As children on a dirt road farm we didn’t have toys to ride. There was a very limited size of bicycles available. The bicycles were big, heavy, and tough. Many families with young children had too many priorities for their cash to spend money on things like bicycles. Many children received hand me down bicycles from older children or relatives. My birthday and my sister Sharon’s are only four days apart. We received our brand new bicycles at the same time as birthday presents. We were still pretty small and the bicycles were BIG. Sharon’s was a girls. Mine was a boys. We never anticipated receiving anything like brand new bicycles. They were a complete surprise.
Our house was elevated above the dirt road. It had several front steps to get to the floor level of the front porch. Our barn was on the opposite side of the dirt road about 100 feet down a gentle slope. We had no training wheels on our bikes. Mom and Dad would position the bicycles near the front porch where we could climb on. Once we were mounted they would gently push us off (one at a time) down the sloping front yard and onto the gently sloping dirt road. We would hold our balance as long as possible before doing a semi-controlled crash into the brush along the road. Every evening after chores and supper the whole family went out front to watch us get launched and the subsequent crashes. We always got up, shook ourselves off, and pushed the heavy bicycle back to the porch for another trip. It was learn to ride or coast as far as possible, then crash. We learned to ride as a matter of survival for ourselves and the bicycles. It was a great adventure in our front yard.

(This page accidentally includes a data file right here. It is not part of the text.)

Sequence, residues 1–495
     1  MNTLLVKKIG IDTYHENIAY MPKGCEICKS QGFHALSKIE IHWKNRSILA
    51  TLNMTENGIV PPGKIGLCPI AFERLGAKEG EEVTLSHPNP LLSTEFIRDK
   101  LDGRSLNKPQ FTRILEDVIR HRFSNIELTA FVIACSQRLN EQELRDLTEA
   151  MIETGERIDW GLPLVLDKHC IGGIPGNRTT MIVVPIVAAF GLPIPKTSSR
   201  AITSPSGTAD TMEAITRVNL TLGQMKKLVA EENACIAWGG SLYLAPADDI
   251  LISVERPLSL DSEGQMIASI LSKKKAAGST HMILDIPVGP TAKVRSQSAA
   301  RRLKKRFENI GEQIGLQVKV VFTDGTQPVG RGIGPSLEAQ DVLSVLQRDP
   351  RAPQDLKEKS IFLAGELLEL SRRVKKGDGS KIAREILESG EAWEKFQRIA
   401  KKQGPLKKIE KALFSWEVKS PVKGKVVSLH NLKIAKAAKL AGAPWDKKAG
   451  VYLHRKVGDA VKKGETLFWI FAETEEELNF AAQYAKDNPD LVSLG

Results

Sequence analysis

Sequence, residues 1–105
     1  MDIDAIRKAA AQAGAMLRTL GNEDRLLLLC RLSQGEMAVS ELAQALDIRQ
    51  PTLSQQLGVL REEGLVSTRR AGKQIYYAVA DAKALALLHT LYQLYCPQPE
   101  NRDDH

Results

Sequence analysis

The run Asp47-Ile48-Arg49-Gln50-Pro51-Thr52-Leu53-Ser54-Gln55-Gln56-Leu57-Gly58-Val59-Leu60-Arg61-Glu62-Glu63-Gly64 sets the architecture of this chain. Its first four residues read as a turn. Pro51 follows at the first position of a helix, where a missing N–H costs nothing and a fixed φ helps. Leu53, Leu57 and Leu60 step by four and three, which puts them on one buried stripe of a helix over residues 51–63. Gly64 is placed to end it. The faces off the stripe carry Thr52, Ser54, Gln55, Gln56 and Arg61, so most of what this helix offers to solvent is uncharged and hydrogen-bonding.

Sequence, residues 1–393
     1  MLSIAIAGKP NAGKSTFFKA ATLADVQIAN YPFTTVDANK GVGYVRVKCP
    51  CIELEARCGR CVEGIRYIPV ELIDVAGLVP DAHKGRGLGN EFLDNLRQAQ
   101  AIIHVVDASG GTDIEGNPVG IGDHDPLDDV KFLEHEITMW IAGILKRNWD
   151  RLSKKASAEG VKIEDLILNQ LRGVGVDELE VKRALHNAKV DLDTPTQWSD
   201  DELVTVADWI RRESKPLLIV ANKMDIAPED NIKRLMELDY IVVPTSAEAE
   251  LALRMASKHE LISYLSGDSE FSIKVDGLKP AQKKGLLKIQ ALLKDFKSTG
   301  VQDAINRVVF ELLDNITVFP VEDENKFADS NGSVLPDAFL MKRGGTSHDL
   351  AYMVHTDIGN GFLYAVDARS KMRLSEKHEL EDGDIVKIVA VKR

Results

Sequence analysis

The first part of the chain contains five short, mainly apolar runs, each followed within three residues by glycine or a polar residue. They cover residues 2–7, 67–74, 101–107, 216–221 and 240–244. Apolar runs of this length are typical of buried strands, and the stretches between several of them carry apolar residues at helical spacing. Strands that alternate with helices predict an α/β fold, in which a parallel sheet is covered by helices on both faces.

We took our bicycles to our new home in Norfolk. There were lots of things to investigate within a fairly close distance to our house. We had the railroad roundhouse, a paper mill, and the Racquette river all in close proximity. On one excursion around the paper mill we found something interesting to look at. We jumped off our bicycles and left them laying on their sides. We were a long distance away when the brake lights flashed on a car near my bicycle. The noise of the mill made shouting a wasted effort. The car backed up and stopped on top of my bicycle. My friends bicycle didn’t get hit. When we got there the man had pulled ahead and was looking at what was left of the bicycle. He gave us a short reprimand, loaded my bicycle in his trunk, sent my friend home, and took me home.
Obviously, my dad wasn’t the least bit impressed. The man explained what happened and dad thanked him for getting me home with the bicycle. No whipping. Grounding didn’t exist in our household at that time. Apparently my parents felt the loss of my bicycle was punishment enough. Lesson learned.
The memory of receiving and learning to ride that new bike will last forever…….and the half mile ride home with it in the trunk was probably one of the longest trips this kid ever made.